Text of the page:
This début feature film for Colombian director Joan Gómez Endara is a conventional road movie in formal terms but it becomes something more because of its three leads, beautiful cinematography and the chance it offers to see more of Colombia than many other films from the region. For a début feature this is an accomplished piece of work, engaging and moving in its handling of the development of the relationship between two seemingly mismatched half-siblings.
Élicier is a forty-something (?) man living quietly alone in a village on Colombia’s western Caribbean coast. One day a man arrives at his door with a young girl, Esperanza (‘Hope’). He announces that Élicier’s father Nolasco has died and the little girl is actually his half sister. All this is news to Élicier who hasn’t seen his father for thirty years and at first doesn’t want to face the implications of Esperanza’s sudden appearance. But he is given an address for the girl’s mother in Bogota and realises his responsibility. Getting to the capital is a long and expensive journey from the coast up into the mountains and this is 1999 when the virtual civil war between FARC guerillas and government military forces is still going on even as peace talks are being pursued. The film is not about the civil war but it does mean that travel across the vast country, and especially into the mountains, is dangerous. When the journey begins, the siblings are joined by Toño, a young man who wants to try his luck as a boxer in Bogota. The inclusion of Toño is possibly the only flaw in the film as the script doesn’t really know what to do with him once he has been used as a plot device to complicate the journey. His story then gets rather lost.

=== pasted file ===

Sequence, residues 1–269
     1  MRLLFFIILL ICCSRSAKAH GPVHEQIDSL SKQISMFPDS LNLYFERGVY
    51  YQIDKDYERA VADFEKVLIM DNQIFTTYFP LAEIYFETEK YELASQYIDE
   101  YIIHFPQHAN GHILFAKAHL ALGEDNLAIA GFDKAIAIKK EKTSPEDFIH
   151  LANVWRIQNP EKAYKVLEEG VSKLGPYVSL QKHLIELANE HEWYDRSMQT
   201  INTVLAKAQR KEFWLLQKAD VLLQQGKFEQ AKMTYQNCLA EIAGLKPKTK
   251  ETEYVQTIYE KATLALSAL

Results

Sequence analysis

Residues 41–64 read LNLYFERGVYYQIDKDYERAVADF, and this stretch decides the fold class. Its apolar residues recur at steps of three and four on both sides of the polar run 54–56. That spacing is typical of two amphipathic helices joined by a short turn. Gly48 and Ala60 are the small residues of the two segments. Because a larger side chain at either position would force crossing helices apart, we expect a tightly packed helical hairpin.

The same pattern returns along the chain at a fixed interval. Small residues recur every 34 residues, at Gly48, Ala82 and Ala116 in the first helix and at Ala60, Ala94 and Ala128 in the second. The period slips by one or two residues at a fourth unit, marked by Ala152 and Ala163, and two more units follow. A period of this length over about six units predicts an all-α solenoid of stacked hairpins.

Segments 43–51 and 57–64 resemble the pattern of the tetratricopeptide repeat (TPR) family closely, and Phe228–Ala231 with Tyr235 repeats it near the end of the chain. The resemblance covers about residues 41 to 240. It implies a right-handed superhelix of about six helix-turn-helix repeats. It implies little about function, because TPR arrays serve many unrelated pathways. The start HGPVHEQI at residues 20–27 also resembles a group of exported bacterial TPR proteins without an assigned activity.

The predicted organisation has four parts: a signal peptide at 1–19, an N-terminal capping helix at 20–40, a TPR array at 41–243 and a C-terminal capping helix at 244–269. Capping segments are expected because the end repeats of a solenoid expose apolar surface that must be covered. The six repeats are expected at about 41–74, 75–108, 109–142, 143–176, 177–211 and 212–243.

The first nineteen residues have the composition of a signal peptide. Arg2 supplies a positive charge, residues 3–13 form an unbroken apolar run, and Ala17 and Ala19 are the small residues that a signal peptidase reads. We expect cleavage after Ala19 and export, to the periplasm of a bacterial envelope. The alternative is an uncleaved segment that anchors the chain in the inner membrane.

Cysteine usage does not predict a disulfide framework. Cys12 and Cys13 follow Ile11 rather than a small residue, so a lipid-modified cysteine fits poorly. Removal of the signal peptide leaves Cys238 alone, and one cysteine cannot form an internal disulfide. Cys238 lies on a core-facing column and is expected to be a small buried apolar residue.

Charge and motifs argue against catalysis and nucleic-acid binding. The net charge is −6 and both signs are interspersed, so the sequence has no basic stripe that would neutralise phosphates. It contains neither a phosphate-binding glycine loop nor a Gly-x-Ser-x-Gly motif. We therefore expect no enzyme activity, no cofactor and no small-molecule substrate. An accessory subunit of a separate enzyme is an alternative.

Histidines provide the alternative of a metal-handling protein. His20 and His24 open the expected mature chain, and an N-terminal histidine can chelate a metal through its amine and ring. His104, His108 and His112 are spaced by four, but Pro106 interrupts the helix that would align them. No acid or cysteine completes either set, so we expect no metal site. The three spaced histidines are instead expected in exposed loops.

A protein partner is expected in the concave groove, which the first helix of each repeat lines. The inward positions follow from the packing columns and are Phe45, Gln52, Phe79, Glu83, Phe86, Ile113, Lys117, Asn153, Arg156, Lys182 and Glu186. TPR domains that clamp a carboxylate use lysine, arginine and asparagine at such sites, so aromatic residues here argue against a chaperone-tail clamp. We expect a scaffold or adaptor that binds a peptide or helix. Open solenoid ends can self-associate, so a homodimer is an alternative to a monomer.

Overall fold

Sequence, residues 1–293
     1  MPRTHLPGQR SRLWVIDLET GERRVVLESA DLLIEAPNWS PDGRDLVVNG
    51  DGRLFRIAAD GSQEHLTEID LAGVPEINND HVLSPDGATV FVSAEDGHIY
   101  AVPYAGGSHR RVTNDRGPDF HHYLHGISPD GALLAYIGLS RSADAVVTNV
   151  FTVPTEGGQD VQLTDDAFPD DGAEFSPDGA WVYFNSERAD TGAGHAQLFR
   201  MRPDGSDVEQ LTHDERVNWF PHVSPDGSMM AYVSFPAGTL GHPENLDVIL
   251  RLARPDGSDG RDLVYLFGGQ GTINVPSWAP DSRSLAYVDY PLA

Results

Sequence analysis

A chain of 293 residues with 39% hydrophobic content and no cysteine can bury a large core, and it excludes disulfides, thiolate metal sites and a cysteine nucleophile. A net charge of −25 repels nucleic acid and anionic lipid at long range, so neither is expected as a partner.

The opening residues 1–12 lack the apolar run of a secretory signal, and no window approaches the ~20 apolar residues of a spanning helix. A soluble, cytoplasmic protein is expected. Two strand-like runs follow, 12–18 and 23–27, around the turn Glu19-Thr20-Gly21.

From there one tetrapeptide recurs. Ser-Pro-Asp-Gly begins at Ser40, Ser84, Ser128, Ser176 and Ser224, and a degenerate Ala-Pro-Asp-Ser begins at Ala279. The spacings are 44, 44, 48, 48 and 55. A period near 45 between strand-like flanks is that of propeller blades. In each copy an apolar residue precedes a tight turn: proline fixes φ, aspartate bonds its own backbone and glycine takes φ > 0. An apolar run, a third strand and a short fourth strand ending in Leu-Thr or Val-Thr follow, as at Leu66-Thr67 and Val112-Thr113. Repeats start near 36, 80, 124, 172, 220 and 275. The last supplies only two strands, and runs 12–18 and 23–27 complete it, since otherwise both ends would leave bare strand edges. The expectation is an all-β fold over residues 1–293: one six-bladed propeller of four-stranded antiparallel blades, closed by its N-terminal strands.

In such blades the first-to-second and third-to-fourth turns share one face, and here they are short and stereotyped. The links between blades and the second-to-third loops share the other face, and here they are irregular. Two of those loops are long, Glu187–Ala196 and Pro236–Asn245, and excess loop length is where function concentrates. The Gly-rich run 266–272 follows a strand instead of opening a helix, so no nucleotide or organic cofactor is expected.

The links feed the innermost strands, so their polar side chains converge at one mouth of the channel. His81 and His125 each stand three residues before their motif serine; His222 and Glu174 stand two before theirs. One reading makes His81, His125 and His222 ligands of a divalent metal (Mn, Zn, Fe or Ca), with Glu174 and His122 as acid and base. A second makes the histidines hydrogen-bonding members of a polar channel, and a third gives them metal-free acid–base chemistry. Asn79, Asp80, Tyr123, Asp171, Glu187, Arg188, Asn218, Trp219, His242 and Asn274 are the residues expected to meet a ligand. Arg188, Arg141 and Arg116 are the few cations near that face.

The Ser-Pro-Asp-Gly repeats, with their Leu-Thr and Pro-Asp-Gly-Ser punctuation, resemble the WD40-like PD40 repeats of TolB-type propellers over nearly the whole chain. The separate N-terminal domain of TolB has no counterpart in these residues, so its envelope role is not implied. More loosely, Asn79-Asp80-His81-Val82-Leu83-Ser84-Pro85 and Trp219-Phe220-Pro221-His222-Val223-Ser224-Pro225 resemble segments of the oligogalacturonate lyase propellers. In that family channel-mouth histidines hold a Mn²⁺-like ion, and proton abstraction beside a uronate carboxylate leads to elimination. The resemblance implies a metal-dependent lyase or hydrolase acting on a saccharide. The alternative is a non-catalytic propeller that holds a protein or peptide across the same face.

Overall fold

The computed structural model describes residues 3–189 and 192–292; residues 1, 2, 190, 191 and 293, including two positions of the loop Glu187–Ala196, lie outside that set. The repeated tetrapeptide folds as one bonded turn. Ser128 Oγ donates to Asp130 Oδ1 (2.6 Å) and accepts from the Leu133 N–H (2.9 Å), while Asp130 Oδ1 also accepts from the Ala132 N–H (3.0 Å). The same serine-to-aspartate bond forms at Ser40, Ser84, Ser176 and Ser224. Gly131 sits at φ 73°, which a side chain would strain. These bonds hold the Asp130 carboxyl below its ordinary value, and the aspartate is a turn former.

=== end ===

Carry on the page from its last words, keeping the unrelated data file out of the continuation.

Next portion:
The main narrative is underpinned by music and this is certainly a strength in the film. Nolasco had been a celebrated musician along the coast, playing the gaita. This is a wind instrument, something like the traditional European wooden recorder that in my day was used to introduce British schoolchildren to music. The gaita is quite a large instrument, made from dried cactus (a cardón) with a distinctive mouthpiece fashioned from beeswax, charcoal and a duck feather (now often using plastic instead). Confusingly, ‘gaita’ is also the Spanish word for a form of bagpipes. In Colombia gaita bands appear to be four or five piece outfits with one or two gaita players plus a trio of drummers. The music represents the fusion of African drumming with the indigenous playing of the gaita. In the film, the gaita which Esperanza finds in Élicier’s house (and which she insists on taking with her on the journey) becomes important in the bonding of the two central characters and also in Élicier’s rediscovery of his own identity. This is partly represented by the way in which the sound of the gaita recalls birdsong. The film’s title is also explained during the first real conversation between Élicier and Esperanza when we discover something about the gaita that she carries.
Here’s a YouTube clip of a group of gaiteros playing similar music to that used at the end of the film.
Carlos Vergara is very good as the quiet and withdrawn Élicier. He is an experienced actor and producer. Shaday Velasquez as the young girl is a beautiful child who is sometimes quite solemn and determined but who is also also capable of joy and laughter. Overall the film is a humanist story, the pair meet good and bad people on their journey. There is a satisfying conclusion to the narrative which doesn’t necessarily tie up all the loose ends. I’m sure there are more layers of meaning that may only be accessible by a local audience, one of which refers to the fate of an iguana. However, we do get a real sense of the diversity of Colombian culture and especially of one of its several important musical genres. El árbol rojo plays again at ¡Viva! on Tuesday 29th March at HOME Manchester.